U.S. Defense Budget May Fund ‘Hacking for Defense’ Courses at Universities

AP Photo/Daniel Estrin
AP Photo/Daniel Estrin

The U.S. defense budget may fund “hacking for defense” courses at universities around the country, according to a report.

According to a report from the Institute of Electrical and Electronics Engineers, a portion of the U.S. defense budget may be allocated for usage by universities looking to train students to “hack as defense.”

The talks of allocating money towards such programs stems from a successful course at Stanford University which allows students to solve real problems from the National Security Agency, the Army, the Navy, the Air Force, the Army Cyber Command, the Veterans Administration, and other government agencies with an invested interest in cybersecurity and hacking for defense purposes.

According to Stanford University instructor Steve Blank, eight universities in addition to Stanford will offer a Hacking for Defense course this year: Boise State, Columbia, Georgetown, James Madison, the University of California at San Diego, the University of Pittsburgh, the University of Southern California, and the University of Southern Mississippi.

In July, U.S. Representative Dan Lipinski of Illinois passed an amendment that will allow for the development of curriculum, best practices, and recruitment material that will aide universities in teaching these types of courses that will help government agencies with cybersecurity practices.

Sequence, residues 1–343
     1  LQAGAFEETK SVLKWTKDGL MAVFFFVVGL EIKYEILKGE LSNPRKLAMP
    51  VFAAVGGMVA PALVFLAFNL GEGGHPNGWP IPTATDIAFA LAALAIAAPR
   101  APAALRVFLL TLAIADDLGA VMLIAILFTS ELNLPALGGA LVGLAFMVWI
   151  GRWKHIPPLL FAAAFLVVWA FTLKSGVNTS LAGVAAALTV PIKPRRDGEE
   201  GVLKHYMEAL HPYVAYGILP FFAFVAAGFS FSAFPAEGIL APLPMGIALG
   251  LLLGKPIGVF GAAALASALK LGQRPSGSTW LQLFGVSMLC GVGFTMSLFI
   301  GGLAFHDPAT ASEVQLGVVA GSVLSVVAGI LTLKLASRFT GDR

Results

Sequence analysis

“Rapid, low-cost technological innovation is what makes Silicon Valley revolutionary, but the DOD hasn’t historically had the mechanisms in place to harness this American advantage,” Lipinski said in a statement. “Hacking for Defense creates ways for talented scientists and engineers to work alongside veterans, military leaders, and business mentors to innovate solutions that make America safer.”

When the first Hacking for Defense course began last year at Stanford, students were already engaged in helping military agencies solve important problems. For example, one group of students helped to develop a “tool that can take video from a friendly drone feed, use it to distinguish drones from birds, and then identify and classify enemy drones in the area.” Using this tool allows users to determine the type of aircraft the enemy drones are and offers that a list of the best countermeasures.

Tom Ciccotta is a libertarian who writes about economics and higher education for Breitbart News. You can follow him on Twitter @tciccotta or email him at tciccotta@breitbart.com


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